Here is a classic collection from one of Americas greatest authors. Though these short stories have universal appeal, they are intensely local in setting. With the exception of "Turn About," which derives from the time of the First World War, all these tales unfold in a small town in Mississippi, William Faulkners birthplace and lifelong home.
Some storiessuch as "A Rose for Emily," "The Hound," and "That Evening Sun"are famous, displaying an uncanny blend of the homely and the horrifying. But others, though less well known, are equally colorful and characteristic. The gently nostalgic "Delta Autumn" provides a striking contrast to "Dry September" and "Barn Burning," which are intensely dramatic.
As the editor, Saxe Commins, states in his illuminating Foreword: "These eight stories reflect the deep love and loathing, the tenderness and contempt, the identification and repudiation William Faulkner has felt for the traditions and the way of life of his own portion of the world."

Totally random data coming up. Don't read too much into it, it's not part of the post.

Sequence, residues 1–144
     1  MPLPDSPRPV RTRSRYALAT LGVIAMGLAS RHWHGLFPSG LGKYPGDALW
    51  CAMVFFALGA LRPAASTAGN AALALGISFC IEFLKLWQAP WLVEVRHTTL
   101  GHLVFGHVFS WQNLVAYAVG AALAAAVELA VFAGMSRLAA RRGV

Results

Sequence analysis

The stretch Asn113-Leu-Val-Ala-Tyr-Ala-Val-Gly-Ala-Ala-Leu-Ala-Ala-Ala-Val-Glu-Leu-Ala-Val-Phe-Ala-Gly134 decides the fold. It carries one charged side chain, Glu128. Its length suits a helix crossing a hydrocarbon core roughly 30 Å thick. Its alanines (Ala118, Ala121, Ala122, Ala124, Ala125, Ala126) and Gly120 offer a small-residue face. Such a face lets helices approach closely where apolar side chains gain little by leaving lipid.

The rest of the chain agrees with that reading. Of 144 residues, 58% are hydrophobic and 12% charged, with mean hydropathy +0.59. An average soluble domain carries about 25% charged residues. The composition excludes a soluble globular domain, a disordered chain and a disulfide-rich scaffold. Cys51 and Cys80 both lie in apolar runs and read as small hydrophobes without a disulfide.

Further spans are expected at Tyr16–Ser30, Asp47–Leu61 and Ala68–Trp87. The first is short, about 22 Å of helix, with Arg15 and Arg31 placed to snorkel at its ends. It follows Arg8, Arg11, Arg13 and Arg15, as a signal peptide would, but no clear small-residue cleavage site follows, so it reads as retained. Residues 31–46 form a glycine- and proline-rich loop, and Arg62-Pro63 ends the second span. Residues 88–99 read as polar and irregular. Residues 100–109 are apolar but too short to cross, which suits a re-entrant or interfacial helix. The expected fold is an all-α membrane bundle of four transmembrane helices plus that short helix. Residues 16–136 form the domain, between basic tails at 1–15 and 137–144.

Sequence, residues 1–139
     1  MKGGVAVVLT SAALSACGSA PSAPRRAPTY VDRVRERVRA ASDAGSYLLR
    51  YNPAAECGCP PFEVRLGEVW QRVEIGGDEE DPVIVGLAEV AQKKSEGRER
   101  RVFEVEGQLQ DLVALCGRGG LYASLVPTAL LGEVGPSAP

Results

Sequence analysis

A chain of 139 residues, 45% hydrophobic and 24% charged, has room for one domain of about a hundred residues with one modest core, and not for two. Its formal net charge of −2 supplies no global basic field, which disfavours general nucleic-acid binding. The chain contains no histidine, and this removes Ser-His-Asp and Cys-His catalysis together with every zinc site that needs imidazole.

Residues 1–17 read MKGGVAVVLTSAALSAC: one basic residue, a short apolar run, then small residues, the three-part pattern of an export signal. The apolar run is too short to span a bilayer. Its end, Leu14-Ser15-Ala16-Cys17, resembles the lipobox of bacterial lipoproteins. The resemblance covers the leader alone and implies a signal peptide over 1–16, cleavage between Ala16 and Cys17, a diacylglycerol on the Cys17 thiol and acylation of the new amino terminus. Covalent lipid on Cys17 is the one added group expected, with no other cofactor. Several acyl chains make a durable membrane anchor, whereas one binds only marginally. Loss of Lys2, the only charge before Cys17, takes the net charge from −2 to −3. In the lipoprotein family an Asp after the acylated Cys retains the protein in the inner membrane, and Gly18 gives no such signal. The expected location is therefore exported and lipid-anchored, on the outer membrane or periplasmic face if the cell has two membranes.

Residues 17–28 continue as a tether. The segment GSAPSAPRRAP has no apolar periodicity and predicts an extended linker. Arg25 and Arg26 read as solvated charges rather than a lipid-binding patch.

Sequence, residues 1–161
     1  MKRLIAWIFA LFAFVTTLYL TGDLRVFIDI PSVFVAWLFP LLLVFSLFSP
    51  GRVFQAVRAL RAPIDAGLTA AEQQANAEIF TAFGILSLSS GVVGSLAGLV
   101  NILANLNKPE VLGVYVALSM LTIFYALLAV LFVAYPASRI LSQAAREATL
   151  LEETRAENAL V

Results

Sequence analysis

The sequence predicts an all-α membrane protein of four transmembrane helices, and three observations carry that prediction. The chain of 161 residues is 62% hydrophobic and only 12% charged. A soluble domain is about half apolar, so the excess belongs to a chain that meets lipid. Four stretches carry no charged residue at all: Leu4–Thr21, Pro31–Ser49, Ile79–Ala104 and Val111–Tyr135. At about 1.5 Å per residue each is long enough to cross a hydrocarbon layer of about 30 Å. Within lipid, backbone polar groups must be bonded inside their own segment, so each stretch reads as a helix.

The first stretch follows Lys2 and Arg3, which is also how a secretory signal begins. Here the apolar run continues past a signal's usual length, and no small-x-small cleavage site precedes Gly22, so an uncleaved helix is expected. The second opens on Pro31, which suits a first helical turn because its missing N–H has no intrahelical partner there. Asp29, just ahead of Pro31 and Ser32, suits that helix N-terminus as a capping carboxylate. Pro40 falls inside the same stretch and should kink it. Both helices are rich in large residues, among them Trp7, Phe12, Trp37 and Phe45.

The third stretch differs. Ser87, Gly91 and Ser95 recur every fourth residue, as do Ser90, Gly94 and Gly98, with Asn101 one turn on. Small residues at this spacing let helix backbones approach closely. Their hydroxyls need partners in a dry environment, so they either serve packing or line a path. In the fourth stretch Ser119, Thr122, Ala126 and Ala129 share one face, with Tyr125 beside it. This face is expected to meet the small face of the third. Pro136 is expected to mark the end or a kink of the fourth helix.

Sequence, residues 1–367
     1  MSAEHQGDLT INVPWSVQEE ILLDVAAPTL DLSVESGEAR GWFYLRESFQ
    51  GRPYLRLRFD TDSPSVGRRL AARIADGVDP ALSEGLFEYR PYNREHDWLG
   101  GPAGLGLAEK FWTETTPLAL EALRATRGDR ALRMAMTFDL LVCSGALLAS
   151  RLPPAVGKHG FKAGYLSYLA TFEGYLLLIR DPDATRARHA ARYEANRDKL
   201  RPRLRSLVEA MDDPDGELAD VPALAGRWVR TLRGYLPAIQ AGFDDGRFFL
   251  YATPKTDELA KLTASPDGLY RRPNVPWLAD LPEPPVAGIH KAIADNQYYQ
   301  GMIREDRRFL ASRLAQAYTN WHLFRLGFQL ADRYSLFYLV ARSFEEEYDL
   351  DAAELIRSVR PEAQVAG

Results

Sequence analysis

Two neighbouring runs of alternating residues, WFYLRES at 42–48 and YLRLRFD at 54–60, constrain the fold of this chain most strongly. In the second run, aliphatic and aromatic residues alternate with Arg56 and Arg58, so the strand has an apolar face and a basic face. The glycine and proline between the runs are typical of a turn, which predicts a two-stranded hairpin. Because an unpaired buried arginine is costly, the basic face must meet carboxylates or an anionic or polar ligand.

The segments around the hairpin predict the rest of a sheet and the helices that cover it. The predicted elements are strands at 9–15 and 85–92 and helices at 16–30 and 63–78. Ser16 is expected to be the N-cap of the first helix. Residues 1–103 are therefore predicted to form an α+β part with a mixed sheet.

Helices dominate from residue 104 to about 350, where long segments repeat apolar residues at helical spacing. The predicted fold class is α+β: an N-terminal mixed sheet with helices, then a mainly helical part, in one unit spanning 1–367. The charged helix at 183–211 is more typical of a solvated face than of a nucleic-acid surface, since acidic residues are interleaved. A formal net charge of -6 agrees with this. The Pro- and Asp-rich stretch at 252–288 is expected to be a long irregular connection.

William Faulkner was born in New Albany, Mississippi, on September 25, 1897. He published his first book, The Marble Faun (a collection of poems), in 1924, and his first novel, Soldiers Pay, in 1926. In 1949, having written such works as Absalom, Absalom!, As I Lay Dying, Light in August, and The Sound and the Fury, Faulkner was awarded the Nobel Prize for Literature. He also received the Pulitzer Prize for two other novels, A Fable (1954) and The Reivers (1962). From 1957 to 1958 he was Writer-in-Residence at the University of Virginia. He died on July 6, 1962, in Byhalia, Mississippi.